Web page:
like evidence on the part of an official with policymaking authority is consistent
with the conclusion that “absent the conscious decision or deliberate indifference
of some natural person, a [governmental entity], as an abstract entity, cannot be
deemed to have engaged in a constitutional violation by virtue of a policy, a
custom or failure to train.” [Citation.] “[I]n the absence of any unconstitutional
statute or rule, it is plaintiffs’ burden to articulate a factual basis that
demonstrates considerably more proof than a single incident.” (Arista v.
County of Riverside (2018) 29 Cal.App.5th 1051, 1064 [241 Cal.Rptr.3d 437].)
“Under Monell, a local government body can be held liable under § 1983 for
policies of inaction as well as policies of action. A policy of action is one in
which the government body itself violates someone’s constitutional rights, or
instructs its employees to do so; a policy of inaction is based on a government
body’s ‘failure to implement procedural safeguards to prevent constitutional
violations.’ (Jackson v. Barnes (9th Cir. 2014) 749 F.3d 755, 763], internal
citations omitted.)
“Normally, the question of whether a policy or custom exists would be a jury
question. However, when there are no genuine issues of material fact and the
plaintiff has failed to establish a prima facie case, disposition by summary
judgment is appropriate.” (Trevino v. Gates (9th Cir. 1996) 99 F.3d 911, 920.)
“A triable issue exists as to whether the root of the unconstitutional behavior
exhibited in [plaintiff]’s case lies in the unofficial operating procedure of
[defendant] County or in the errant acts of individual social workers, and this
question should go to a jury.” (Kirkpatrick v. County of Washoe (9th Cir. 2015)
792 F.3d 1184, 1201.)
“At most, Monell liability adds an additional defendant, a municipality, to the
universe of actors who will be jointly and severally liable for the award.”
(Choate, supra, 86 Cal.App.4th at p. 328.)
“To meet this [Monell] requirement, the plaintiff must show both causation-in-
fact and proximate causation.” (Gravelet-Blondin v. Shelton (9th Cir. 2013) 728
F.3d 1086, 1096.)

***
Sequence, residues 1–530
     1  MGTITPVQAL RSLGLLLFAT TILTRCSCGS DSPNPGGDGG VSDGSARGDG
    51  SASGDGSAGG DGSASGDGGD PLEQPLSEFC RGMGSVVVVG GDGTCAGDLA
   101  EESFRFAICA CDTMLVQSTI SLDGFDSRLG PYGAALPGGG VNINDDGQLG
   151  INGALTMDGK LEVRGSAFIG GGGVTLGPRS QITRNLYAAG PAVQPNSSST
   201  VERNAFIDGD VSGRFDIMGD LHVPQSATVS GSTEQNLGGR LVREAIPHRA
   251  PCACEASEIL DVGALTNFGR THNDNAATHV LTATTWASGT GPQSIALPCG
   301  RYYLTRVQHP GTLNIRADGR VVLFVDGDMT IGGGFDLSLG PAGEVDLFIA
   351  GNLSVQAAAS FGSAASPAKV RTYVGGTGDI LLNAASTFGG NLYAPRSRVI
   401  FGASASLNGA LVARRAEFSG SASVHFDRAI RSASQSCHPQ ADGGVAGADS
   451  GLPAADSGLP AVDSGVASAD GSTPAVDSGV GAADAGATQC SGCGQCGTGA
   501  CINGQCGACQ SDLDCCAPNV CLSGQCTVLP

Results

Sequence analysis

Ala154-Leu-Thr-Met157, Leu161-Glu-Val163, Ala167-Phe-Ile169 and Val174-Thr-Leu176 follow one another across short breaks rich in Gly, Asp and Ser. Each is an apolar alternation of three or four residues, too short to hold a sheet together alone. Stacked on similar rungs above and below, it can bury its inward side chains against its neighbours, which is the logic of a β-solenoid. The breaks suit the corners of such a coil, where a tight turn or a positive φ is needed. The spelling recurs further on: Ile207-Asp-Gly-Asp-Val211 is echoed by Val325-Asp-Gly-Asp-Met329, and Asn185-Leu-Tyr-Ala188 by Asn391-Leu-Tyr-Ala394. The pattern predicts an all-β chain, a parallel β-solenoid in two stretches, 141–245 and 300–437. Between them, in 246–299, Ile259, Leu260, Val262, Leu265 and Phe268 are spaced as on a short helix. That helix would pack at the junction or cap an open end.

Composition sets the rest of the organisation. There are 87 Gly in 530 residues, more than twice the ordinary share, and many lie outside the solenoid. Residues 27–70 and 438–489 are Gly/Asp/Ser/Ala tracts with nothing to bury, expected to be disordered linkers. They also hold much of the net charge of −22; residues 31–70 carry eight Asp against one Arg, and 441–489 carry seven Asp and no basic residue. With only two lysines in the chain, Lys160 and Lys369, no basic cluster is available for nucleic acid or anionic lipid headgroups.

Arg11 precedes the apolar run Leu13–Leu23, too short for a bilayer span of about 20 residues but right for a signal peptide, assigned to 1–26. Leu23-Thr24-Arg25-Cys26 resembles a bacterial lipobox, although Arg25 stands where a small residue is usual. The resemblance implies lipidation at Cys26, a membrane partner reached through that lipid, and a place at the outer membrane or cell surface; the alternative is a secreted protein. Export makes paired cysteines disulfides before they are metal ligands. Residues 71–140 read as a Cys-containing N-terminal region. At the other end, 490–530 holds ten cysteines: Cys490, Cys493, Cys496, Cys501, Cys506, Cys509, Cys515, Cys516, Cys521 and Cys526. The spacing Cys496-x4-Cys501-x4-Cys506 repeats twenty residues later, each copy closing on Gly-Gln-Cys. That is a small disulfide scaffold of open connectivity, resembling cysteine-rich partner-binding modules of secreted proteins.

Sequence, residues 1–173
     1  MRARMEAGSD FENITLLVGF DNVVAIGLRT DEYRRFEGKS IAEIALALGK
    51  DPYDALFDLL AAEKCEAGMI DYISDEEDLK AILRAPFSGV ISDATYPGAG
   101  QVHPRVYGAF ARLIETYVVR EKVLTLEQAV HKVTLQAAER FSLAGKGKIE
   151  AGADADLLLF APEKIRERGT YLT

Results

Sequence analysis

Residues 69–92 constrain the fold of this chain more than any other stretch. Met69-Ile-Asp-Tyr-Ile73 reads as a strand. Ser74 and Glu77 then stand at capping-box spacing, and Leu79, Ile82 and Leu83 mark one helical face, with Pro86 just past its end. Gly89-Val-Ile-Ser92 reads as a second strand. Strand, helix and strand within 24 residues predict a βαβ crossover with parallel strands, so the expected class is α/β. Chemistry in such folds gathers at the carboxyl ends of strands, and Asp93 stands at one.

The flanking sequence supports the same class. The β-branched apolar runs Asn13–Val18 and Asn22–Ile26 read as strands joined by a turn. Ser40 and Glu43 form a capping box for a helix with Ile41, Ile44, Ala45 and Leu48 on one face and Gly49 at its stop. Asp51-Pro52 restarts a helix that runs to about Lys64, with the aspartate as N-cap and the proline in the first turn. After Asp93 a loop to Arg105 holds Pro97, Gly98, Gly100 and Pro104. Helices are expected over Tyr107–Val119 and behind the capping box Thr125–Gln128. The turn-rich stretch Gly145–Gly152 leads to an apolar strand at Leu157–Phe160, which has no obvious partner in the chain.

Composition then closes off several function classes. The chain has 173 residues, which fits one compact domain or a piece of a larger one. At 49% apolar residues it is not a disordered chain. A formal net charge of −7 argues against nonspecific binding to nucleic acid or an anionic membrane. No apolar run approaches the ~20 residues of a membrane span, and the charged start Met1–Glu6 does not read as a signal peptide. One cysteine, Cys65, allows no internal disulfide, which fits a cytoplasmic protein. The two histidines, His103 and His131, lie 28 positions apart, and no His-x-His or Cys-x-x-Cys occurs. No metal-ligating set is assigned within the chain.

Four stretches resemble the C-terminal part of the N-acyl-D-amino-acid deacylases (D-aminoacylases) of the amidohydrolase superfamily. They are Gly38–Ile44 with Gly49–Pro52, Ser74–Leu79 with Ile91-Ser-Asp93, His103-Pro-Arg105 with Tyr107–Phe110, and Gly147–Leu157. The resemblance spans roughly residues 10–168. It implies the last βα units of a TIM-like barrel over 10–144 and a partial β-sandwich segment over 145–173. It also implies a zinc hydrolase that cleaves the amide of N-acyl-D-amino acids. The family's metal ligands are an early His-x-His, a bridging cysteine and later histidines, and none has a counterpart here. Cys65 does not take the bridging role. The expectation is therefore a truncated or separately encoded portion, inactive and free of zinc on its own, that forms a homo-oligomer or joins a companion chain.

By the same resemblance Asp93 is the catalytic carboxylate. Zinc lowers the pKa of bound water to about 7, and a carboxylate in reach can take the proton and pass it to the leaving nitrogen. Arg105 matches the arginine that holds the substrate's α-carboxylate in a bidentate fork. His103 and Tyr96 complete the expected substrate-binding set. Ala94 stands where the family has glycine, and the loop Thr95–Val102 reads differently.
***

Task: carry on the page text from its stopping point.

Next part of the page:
“Any damages resulting from a possible Monell claim would result from the
same constitutional violation of the warrantless arrest which resulted in nominal
damages. Even if [plaintiff] were to prove the City failed to adequately train the
police officers, the result would simply be another theory of action concerning
the conduct the jury has already determined was not the proximate cause of
[plaintiff]’s injuries. [Plaintiff]’s recovery, if any, based upon a Monell claim
would be limited to nominal damages.” (George v. Long Beach (9th Cir. 1992)
973 F.2d 706, 709.)
“Local governmental bodies such as cities and counties are considered ‘persons’
subject to suit under section 1983. States and their instrumentalities, on the other
hand, are not.” (Kirchmann v. Lake Elsinore Unified School Dist. (2000) 83
Cal.App.4th 1098, 1101 [100 Cal.Rptr.2d 289], internal citations omitted.)
“A municipality can be sued under section 1983 for ‘constitutional deprivations
visited pursuant to governmental “custom.” However, ‘Congress did not intend
municipalities to be held liable unless action pursuant to official municipal policy
of some nature caused a constitutional tort. In particular, . . . a municipality
cannot be held liable solely because it employs a tortfeasor - or, in other words,
a municipality cannot be held liable under § 1983 on a respondeat superior
theory.’ (Marshall v. County of San Diego (2015) 238 Cal.App.4th 1095, 1118
[190 Cal.Rptr.3d 97], original italics, internal citation omitted.)
“A local governmental unit is liable only if the alleged deprivation of rights
‘implements or executes a policy statement, ordinance, regulation, or decision
officially adopted and promulgated by that body’s officers,’ or when the injury is
in ‘execution of a [local] government’s policy or custom, whether made by its
lawmakers or by those whose edicts or acts may fairly be said to represent
official policy.’ (County of Los Angeles v. Superior Court (1998) 68
Cal.App.4th 1166, 1171 [80 Cal.Rptr.2d 860], internal citations omitted.)
“A municipality’s policy or custom resulting in constitutional injury may be
actionable even though the individual public servants are shielded by good faith
immunity.” (Bach v. County of Butte (1983) 147 Cal.App.3d 554, 568 [195
Cal.Rptr. 268], internal citations omitted.)
“No punitive damages can be awarded against a public entity.” (Choate, supra,
86 Cal.App.4th at p. 328, internal citation omitted.)
“[T]he requirements of Monell do apply to suits against private entities under
§ 1983. . . . [W]e see no basis in the reasoning underlying Monell to distinguish
between municipalities and private entities acting under color of state law.” (Tsao
v. Desert Palace, Inc. (9th Cir. 2012) 698 F.3d 1128, 1139, internal citations
Secondary Sources
8 Witkin, Summary of California Law (11th ed. 2017) Constitutional Law, §§ 888,
892 et seq.
17A Moore’s Federal Practice (3d ed.), Ch.123, Access to Courts: Eleventh
Amendment and State Sovereign Immunity, § 123.23 (Matthew Bender)
1 Civil Rights Actions, Ch. 2, Governmental Liability and Immunity, 2.03[2][a]
(Matthew Bender)
11 California Forms of Pleading and Practice, Ch. 113, Civil Rights: The Post-Civil
War Civil Rights Statutes, § 113.14 (Matthew Bender)